Prostate cancer is the second most common cancer in men worldwide, according to the World Cancer Research Fund International. Approximately 910,000 cases of prostate cancer were recorded in 2008 that accounted for around 14% of all new cancer cases in men. It is predicted that the number of cases will almost double (1.7 million) by 2030. A recent study published in the British Journal of Cancer revealed a very interesting finding that men’s index finger can be a predictor of their prostate cancer risk in future. So far we know that age is the strongest risk factor for prostate cancer followed by diet, nationality, genetic, family history and others. This is the first study that showed that men with long index finger have a statistically lower risk of developing prostate cancer later in life.
About the Study
Researchers from The University of Warwick and the Institute of Cancer Research, UK compared the hands of 1,500 prostate cancer patients and 3,000 healthy men during 1994 to 2009. Results showed that
- About half of the participants had their index finger shorter than their ring finger
- Those whose index fingers were longer than their ring fingers were 33% less likely to develop the prostate cancer.
- About 19% of the men had index and ring fingers of the same length – they were also found to have very similar risks of developing prostate cancer.
- The pattern was even more pronounced in men aged 60. Men aged less than 60 years with longer index fingers than ring fingers were 87% less likely to have prostate cancer.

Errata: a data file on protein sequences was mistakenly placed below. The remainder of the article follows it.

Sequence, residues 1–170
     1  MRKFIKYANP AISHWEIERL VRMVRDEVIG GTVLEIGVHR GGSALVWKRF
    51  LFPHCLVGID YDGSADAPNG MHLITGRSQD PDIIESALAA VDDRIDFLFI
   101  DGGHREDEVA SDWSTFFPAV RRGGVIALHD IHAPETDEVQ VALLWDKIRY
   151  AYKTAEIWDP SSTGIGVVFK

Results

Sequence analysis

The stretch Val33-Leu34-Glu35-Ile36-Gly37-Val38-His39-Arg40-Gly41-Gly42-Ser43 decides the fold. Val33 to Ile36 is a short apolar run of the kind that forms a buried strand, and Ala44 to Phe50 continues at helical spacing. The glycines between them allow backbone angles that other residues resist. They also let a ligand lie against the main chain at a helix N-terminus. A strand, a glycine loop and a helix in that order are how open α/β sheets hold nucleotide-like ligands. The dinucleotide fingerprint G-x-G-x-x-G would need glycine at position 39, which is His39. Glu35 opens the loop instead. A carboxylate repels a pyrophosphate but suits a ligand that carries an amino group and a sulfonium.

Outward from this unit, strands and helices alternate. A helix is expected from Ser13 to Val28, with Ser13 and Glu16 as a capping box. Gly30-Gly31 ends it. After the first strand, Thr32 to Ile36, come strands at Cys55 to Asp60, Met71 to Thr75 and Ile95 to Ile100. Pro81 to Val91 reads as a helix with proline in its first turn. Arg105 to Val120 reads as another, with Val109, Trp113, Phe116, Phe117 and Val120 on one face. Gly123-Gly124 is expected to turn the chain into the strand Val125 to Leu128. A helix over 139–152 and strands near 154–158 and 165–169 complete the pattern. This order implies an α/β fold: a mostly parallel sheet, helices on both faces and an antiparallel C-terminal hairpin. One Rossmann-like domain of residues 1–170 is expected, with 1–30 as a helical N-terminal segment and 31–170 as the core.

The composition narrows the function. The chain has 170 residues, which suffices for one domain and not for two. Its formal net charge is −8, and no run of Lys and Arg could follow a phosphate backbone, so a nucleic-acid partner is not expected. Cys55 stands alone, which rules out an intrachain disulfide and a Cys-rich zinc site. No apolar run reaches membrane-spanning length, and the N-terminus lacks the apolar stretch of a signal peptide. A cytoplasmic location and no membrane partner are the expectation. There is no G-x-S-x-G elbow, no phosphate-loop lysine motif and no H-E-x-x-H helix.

The researchers explained that when the baby is in the womb it is exposed to sex hormones, such as testosterone. More exposure to testosterone hormone forms shorter...
index finger and less exposure results in a longer index finger that may protect against prostate cancer later in life. Previous studies have found that men with naturally high testosterone levels have a high risk of prostate cancer.
Senior author, Professor Ros Eeles, said:
This exciting finding means that finger pattern could potentially be used to select at-risk men for ongoing screening, perhaps in combination with other factors such as family history or genetic testing.
Emma Halls, Chief Executive of Prostate Action, which helped fund the work said:
“This research brings us another step closer to helping determine risk factors for prostate cancer, which is possibly the biggest issue in current thinking about preventing and treating the disease. However, we are still a long way from reducing the number of men who die of prostate cancer every year and need more research and education in all areas to achieve this.”
This is indeed a very interesting finding revealed by the researchers. I am certain that after reading the article, if you are a male, you will check your index finger. Hope such findings will help professionals to screen the prostate cancer in advance and provide the treatment in an early stage.